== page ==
‘No Turn on Red’ policy expands in downtown Seattle

May 4, 2023, 6:03 PM | Updated: 6:26 pm

no turn on red...

(Photo courtesy of KIRO 7)

(Photo courtesy of KIRO 7)

The Seattle Department of Transportation (SDOT) has expanded its ‘No Turn on Red’ restrictions at 41 downtown intersections as part of its Vision Zero goal — an initiative to end traffic-related deaths and severe injuries on Seattle city streets by 2030.

According to SDOT, 28 locations are complete, with the rest set to happen before Seattle hosts Major League Baseball All-Star Week, which is set to occur July 11.

“Let’s not trade people’s safety so people in cars can save a few seconds of waiting for their turn to go,” SDOT Director Greg Spotts said in a prepared statement. “Adding over 40 No Turn on Red intersections downtown is the first step in our plan to expand this proven safety measure to pedestrian-dense neighborhoods.”

Seattle’s Vision Zero becomes laser focused on District 2

This momentum-building action originates from the Vision Zero Top-to-Bottom review, commissioned by Spotts and Mayor Bruce Harrell, which found right turns account for 9% of all collisions with people crossing the street at Seattle’s signalized intersections.

There were approximately 100 Seattle intersections blocking right turns on a red light before this initiative.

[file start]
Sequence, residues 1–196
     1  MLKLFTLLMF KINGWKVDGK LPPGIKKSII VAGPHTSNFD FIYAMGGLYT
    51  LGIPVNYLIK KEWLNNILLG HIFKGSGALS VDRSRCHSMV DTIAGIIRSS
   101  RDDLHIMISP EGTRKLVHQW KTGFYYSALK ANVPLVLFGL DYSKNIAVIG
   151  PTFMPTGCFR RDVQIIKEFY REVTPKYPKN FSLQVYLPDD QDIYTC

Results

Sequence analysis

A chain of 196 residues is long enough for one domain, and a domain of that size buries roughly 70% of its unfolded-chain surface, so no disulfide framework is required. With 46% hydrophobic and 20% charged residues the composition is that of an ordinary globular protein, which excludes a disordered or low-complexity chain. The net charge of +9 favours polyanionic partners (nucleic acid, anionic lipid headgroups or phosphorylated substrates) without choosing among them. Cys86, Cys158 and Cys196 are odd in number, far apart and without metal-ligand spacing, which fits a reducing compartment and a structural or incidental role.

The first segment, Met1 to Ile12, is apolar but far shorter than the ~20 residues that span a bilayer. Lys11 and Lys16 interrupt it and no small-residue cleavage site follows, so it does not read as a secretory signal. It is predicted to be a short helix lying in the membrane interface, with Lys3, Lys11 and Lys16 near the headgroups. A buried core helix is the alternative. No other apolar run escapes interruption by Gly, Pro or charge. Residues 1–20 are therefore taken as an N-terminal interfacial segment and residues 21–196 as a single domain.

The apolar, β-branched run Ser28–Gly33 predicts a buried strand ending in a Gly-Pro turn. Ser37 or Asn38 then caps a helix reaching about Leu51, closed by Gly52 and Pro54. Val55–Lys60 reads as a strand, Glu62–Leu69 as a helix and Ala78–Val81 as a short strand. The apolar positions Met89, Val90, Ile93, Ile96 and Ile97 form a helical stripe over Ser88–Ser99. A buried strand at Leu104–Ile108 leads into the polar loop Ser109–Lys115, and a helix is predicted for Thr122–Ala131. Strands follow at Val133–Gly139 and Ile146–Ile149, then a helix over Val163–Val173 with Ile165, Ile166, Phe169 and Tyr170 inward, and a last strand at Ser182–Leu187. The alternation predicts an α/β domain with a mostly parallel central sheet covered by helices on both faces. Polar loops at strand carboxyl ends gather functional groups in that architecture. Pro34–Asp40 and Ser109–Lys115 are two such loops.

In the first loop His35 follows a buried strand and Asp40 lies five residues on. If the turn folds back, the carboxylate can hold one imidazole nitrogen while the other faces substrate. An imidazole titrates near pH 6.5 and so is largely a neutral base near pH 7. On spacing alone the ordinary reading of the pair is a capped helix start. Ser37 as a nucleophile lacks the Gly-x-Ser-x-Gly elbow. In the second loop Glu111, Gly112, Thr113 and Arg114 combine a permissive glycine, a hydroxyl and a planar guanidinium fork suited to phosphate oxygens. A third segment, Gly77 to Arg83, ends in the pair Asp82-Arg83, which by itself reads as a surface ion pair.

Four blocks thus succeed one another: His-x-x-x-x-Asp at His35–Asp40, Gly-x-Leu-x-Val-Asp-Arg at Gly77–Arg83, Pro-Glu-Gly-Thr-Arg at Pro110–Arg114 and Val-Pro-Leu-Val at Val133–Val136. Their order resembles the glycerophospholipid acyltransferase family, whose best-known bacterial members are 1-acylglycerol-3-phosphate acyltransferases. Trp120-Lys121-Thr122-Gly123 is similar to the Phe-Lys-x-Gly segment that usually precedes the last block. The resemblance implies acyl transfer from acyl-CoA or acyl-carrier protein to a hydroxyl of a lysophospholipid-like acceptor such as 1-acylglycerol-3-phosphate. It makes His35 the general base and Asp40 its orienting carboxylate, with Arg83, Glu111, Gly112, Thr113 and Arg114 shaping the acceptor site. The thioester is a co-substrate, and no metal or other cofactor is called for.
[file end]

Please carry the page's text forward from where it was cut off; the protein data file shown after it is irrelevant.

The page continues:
“Implementing No Turn on Red restrictions makes a small, but meaningful, change to the traffic signal patterns at intersections,” SDOT wrote in a press release. “The change should not lead to noticeable delays for drivers, but makes a big difference on the comfort and safety of the most vulnerable travelers that are walking or rolling, especially when combined with other safety measures at intersections such as leading pedestrian intervals (LPI) and traffic calming treatments.”

SDOT even created an interactive map for residents to see where the planned No Turn on Red intersections will be.

“We are taking action to improve walkability and safety as part of our work to draw people to the heart of Seattle and make downtown a welcoming place,” Harrell wrote in a press release. “Together, we can make downtown a vibrant, dynamic, and safe space for all.”

Study says Seattle’s deadliest street is Aurora Avenue North

SDOT was recently awarded a $25.6 million federal grant earlier this year to help repair and mend the streets of Seattle, further advancing Seattle’s Vision Zero plan. U.S. Transportation Secretary Pete Buttigieg announced the historic $800 million in grant awards for 510 projects nationwide, all in an effort to support the U.S. Department of Transportation’s comprehensive strategy to reduce roadway deaths — a crisis claiming more than 40,000 lives per year.

While the news is a celebration to some, others, including AM 770 KTTH host Jason Rantz, have criticized the decision publicly, claiming it’s a waste of both resources and time.

As people are being shot, stabbed, assaulted, and dying from drug overdoses, @MayorofSeattle is hard at work banning right turns,” Rantz wrote on Twitter. “Now, traffic will be worse and more cars will spew pollutants into the city air. Great priorities. Seattle is thriving.”


Turning right at a red light was illegal in most cities, including Seattle, until a few decades ago, according to SDOT. Seattle did not make it legal to turn right at a red light until 1959. Sixteen years later, the federal government — through the Energy Policy and Conservation Act — required all states to allow right turns on red to reduce fuel consumption and faster driving times.

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‘No Turn on Red’ policy expands in downtown Seattle